Three times in the last five years (April 2018, January 2020, and January 2022), I have testified before Congress on the state of the immigration courts, and each time a representative of the National Association of Immigration Judges (“NAIJ” — the judges’ union) appeared on the panel with me.

At each hearing, the NAIJ representative pushed creation of an Article I immigration court independent of DOJ (the courts are currently within the Executive Office for Immigration Review, “EOIR”, a DOJ component) as a solution to various issues that the courts were facing, including massive backlogs and long delays to reach decisions.

Those arguments made little sense to me then, and now make even less. Adding an independent gloss to the courts will bring them to a crushing halt given the ongoing border disaster, but the current system simply seems to be forestalling that inevitability anyway.

The immigration courts — which have long struggled to complete cases in a timely manner (GAO issued a report in June 2017 complaining about the backlog, when there were “only” just less than a third of today’s pending cases before half as many judges) — are being crushed into dust by the administration’s Southwest border “catch and release” policies.

A Possible Solution. The only solution to this burgeoning backlog problem — aside from a massive amnesty that’s highly unlikely to pass anytime soon or a border enforcement protocol Biden has thus far refused to adopt — is to create less formality in the removal adjudication process, not more, as an independent Article I immigration court would.

Prior to 1983, when President Reagan’s first attorney general, William French Smith, created EOIR and the current immigration courts and Board of Immigration Appeals, immigration judges were employees of the then-Immigration and Naturalization Service (INS) — the precursor to CBP, ICE, and USCIS — and had been since the INA was first promulgated in 1952 (when they were called “special inquiry officers”).

As section 101(b)(4) of the INA (1952) explained:

The term "special inquiry officer" means any immigration officer who the Attorney General deems specially qualified to conduct specified classes of proceedings, in whole or in part, required by this Act to be conducted by or before a special inquiry officer and who is designated and selected by the Attorney General, individually or by regulation, to conduct such proceedings.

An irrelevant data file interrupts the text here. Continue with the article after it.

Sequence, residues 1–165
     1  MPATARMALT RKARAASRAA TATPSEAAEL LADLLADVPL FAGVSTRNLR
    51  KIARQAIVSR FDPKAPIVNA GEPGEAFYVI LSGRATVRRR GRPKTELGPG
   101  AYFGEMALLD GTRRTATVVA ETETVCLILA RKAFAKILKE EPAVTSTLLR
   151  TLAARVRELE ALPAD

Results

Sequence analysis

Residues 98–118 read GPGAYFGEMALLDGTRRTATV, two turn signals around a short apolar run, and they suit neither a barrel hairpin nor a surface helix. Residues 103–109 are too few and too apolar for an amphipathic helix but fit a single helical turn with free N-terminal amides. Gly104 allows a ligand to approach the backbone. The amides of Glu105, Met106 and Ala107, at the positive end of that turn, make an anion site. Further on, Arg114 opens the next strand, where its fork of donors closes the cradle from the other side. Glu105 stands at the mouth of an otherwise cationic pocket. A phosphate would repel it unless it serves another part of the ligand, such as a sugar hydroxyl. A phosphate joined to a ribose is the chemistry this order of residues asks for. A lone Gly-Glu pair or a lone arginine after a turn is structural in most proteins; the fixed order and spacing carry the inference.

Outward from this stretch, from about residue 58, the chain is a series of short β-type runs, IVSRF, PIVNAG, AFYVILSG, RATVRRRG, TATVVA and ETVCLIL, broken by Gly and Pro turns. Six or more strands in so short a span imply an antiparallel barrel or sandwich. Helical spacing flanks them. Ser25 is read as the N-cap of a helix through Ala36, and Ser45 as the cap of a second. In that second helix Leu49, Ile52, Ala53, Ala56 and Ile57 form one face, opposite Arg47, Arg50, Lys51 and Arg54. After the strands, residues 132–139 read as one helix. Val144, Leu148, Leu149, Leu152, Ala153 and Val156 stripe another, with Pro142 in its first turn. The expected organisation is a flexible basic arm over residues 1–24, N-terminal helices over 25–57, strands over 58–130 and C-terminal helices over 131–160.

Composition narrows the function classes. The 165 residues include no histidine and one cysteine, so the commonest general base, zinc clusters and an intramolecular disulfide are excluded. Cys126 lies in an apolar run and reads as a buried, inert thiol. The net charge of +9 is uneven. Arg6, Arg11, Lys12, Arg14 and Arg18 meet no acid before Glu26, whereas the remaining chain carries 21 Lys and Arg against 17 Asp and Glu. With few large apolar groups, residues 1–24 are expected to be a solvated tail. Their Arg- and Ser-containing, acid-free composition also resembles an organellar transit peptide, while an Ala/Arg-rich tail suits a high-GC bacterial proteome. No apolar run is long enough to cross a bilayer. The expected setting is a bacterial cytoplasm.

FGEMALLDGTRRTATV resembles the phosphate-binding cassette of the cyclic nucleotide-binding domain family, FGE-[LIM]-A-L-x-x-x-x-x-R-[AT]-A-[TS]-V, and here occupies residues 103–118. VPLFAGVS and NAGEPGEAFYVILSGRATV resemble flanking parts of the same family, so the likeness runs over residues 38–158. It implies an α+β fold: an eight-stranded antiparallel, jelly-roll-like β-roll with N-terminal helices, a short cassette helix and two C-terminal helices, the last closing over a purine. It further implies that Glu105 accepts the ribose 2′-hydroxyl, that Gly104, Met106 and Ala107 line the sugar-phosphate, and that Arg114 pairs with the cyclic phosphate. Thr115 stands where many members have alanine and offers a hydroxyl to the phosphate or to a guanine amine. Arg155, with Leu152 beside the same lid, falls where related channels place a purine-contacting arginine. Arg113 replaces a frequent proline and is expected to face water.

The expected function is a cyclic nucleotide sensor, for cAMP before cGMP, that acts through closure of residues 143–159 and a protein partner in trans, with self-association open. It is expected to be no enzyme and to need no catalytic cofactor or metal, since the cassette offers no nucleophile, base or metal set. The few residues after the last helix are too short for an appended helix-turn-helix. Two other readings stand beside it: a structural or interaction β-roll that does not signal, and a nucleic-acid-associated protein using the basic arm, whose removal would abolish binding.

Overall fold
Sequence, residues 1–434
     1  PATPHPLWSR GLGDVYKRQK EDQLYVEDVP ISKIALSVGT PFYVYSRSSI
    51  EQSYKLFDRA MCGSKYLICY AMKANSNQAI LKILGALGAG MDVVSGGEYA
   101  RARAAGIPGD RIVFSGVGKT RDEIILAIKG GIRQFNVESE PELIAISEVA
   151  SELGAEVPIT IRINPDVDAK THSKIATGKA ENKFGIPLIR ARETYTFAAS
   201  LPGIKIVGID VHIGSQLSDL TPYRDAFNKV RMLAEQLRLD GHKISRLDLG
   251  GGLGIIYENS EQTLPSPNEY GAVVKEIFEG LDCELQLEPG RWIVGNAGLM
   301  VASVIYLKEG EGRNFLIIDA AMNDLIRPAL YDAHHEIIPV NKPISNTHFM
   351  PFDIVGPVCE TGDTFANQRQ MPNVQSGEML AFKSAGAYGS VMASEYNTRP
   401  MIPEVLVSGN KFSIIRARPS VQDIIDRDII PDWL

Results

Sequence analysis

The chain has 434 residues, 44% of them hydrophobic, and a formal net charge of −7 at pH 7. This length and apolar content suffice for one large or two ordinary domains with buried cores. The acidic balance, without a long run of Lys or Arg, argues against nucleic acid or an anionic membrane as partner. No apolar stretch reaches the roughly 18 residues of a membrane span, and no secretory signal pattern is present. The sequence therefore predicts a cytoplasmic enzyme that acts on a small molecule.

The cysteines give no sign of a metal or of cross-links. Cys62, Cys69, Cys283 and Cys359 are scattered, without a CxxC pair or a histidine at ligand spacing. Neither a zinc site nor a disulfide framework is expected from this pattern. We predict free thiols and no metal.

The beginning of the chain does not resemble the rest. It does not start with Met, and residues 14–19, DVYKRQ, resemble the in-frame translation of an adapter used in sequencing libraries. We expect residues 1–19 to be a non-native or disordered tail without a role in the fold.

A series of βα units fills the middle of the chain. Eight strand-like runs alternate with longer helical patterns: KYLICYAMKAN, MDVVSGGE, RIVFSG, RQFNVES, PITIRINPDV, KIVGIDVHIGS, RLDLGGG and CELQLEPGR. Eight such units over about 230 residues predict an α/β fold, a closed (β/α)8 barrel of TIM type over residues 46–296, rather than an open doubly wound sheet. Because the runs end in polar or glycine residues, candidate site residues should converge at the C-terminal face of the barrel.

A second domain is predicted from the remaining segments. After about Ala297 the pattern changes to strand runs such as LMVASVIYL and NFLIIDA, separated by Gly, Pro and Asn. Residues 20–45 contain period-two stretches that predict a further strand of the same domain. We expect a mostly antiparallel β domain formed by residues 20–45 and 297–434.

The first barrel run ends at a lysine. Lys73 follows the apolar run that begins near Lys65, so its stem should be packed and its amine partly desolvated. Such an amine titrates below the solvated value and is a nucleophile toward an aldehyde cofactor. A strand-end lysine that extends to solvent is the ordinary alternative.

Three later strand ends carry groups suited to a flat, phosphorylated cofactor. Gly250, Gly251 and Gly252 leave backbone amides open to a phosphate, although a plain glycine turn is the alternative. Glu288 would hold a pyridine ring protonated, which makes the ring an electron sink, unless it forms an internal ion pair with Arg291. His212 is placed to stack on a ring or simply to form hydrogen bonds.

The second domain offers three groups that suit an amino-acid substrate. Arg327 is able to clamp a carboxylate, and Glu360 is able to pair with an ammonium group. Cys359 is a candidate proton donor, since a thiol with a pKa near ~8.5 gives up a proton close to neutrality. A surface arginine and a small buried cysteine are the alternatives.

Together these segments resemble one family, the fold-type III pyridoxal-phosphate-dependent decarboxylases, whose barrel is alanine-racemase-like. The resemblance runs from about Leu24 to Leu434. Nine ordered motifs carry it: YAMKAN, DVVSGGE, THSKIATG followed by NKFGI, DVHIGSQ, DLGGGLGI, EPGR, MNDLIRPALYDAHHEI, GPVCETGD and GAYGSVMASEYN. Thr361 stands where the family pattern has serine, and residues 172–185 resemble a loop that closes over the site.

The whole process was so informal that section 242(b) of the 1952 INA had to explain: “No special inquiry officer shall conduct a proceeding in any case under this section in which he shall have participated in investigative functions or in which he shall have participated (except as provided in this subsection) in prosecuting functions.”

That process worked perfectly fine for 29 years, and I will note that when the asylum provisions in section 208 were added to the INA in 1980, INS special inquiry officers cum immigration judges (the title was adopted in 1973 in a regulatory amendment that allowed the terms to be used interchangeably) could adjudicate such applications.

Granted, going back to the special inquiry officer scheme would require more than a few statutory amendments (Congress took the immigration court regulation and ran with it), but there’s no way that it would not work more smoothly than the current model, and more quickly.

This is not to say that the administration’s AMI proposal is a good one. When adjudicating an asylum application, the asylum officer only hears one side of the story — the alien applicant’s — and any parent knows that hearing both sides of any story is critical to gleaning the truth.

But a less formal process that focused on reaching the right decision in a timely manner would be a benefit, and that’s more or less what the special inquiry officer model provided.

Note that there is more recent precedent for such a proposal. Legislation implementing the Convention Against Torture (CAT) was passed in October 1998, and until regulations were adopted four months later giving immigration judges jurisdiction over CAT claims, INS officers — not immigration judges — withheld removal under CAT. Nothing suggests that they failed to do so diligently.

There is nothing inherently wrong with the immigration court system that has been in place since 1983. For that system to work, however, the executive branch must limit the number of asylum-seeking migrants entering illegally. That’s not happening, and it’s destroying the courts.

Canada has taken steps to limit migrant entries (by twisting Biden’s arm), but until the current administration follows suit, no proposal to adjudicate asylum applications expeditiously in a manner that protects the rights of both the applicants and the American people should be off the table.